Deep in the heart of Texas, the race for the 17th District has really taken shape over the summer and I'm happy to say Republican Bill Floreshas made great progress is his campaign against Chet Edwards. Rated a "Toss Up" by Charlie Cook and "Republican Favored" by Stu Rothenberg, recent polling shows that Flores is leading in the race 55-36%, and Edwards' efforts to come off as "Independent" aren't fooling anyone.
The election is clearly distracting Edwards from fulfilling his duties as a Member of Congress. Awarded a coveted seat on the House Budget Committee as a result of his loyalty to Speaker Nancy Pelosi (and a voting record of over 96% with Democrats), Edwards has failed to actually create a budget this year - marking the first time one hasn't been passed in the lower chamber since 1974. By blatantly ignoring an opportunity to put his party's reckless spending in check, it's clear Edwards lacks the fiscal discipline and common sense to continue his political career.
Over the next few weeks, be sure to keep an eye on this race. The differences between Flores and Edwards are clear, and voters have the chance to support real change in November - moving us one seat closer to retiring Nancy Pelosi.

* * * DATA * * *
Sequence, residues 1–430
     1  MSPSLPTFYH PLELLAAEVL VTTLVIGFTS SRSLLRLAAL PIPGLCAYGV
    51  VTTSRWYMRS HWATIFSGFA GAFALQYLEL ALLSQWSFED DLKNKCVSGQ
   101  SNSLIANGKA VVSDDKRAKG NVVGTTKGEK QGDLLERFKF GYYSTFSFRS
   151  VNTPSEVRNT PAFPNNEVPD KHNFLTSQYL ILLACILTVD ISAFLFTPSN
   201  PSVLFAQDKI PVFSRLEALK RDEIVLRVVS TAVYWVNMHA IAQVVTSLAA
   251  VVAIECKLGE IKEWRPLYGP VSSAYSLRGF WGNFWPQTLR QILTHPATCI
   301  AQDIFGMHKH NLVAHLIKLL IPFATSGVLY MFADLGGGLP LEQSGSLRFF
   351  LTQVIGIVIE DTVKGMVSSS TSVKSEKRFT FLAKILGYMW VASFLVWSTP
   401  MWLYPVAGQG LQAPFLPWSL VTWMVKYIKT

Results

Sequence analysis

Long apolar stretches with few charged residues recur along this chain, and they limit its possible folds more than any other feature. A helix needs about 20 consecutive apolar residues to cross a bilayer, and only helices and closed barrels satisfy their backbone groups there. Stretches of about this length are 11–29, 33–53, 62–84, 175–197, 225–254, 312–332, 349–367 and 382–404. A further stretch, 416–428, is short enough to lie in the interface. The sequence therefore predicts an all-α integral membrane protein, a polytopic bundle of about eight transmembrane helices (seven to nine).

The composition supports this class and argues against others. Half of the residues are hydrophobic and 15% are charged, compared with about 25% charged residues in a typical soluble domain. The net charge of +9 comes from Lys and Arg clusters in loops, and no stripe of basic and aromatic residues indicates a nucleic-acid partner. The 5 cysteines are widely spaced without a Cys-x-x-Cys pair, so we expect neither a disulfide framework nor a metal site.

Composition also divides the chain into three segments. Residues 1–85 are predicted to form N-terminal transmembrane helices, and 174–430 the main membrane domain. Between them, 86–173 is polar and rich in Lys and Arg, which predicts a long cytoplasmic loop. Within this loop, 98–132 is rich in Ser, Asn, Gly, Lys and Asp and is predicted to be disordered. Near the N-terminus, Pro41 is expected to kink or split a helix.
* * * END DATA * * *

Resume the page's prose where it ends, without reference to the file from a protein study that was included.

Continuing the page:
For the past 19 years, Texas’ 17th Congressional District has been held by Democrat Chet Edwards who, despite several close elections in recent years, has managed to maintain his grip on this culturally conservative district. This fall, Edwards may be in for one of his toughest fights as he faces off against Republican businessman Bill Flores.
The 17th is the most conservative district held by any Democrat Member of the House. Stretching south from Hood and Johnson counties, the district covers the population centers of Cleburne, Waco and College Station, and has been Republican territory for years. Political handicapper Charlie Cook rates the district as R+20, and both John McCain and George W. Bush carried the seat during their presidential races. Given that Edwards was only able to best his 2008 opponent 53-46% with Barack Obama at the top of the ticket, this year’s election poses a major electoral challenge for the incumbent.